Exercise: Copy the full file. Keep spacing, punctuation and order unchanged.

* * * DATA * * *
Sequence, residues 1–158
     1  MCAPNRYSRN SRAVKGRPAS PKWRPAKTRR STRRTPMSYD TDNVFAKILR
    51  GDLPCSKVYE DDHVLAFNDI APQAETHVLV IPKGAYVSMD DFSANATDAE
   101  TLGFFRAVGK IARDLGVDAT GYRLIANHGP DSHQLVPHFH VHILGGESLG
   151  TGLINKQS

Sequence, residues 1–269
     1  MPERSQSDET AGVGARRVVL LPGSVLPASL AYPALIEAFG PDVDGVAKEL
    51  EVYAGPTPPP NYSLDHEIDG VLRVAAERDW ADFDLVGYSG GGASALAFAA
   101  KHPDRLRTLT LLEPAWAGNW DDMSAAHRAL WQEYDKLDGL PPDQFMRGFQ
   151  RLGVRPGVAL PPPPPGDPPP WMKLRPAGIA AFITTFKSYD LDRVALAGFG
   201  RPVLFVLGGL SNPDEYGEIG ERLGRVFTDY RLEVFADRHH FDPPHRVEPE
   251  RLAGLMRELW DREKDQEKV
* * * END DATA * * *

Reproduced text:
Sequence, residues 1–158
     1  MCAPNRYSRN SRAVKGRPAS PKWRPAKTRR STRRTPMSYD TDNVFAKILR
    51  GDLPCSKVYE DDHVLAFNDI APQAETHVLV IPKGAYVSMD DFSANATDAE
   101  TLGFFRAVGK IARDLGVDAT GYRLIANHGP DSHQLVPHFH VHILGGESLG
   151  TGLINKQS

Sequence, residues 1–269
     1  MPERSQSDET AGVGARRVVL LPGSVLPASL AYPALIEAFG PDVDGVAKEL
    51  EVYAGPTPPP NYSLDHEIDG VLRVAAERDW ADFDLVGYSG GGASALAFAA
   101  KHPDRLRTLT LLEPAWAGNW DDMSAAHRAL WQEYDKLDGL PPDQFMRGFQ
   151  RLGVRPGVAL PPPPPGDPPP WMKLRPAGIA AFITTFKSYD LDRVALAGFG
   201  RPVLFVLGGL SNPDEYGEIG ERLGRVFTDY RLEVFADRHH FDPPHRVEPE
   251  RLAGLMRELW DREKDQEKV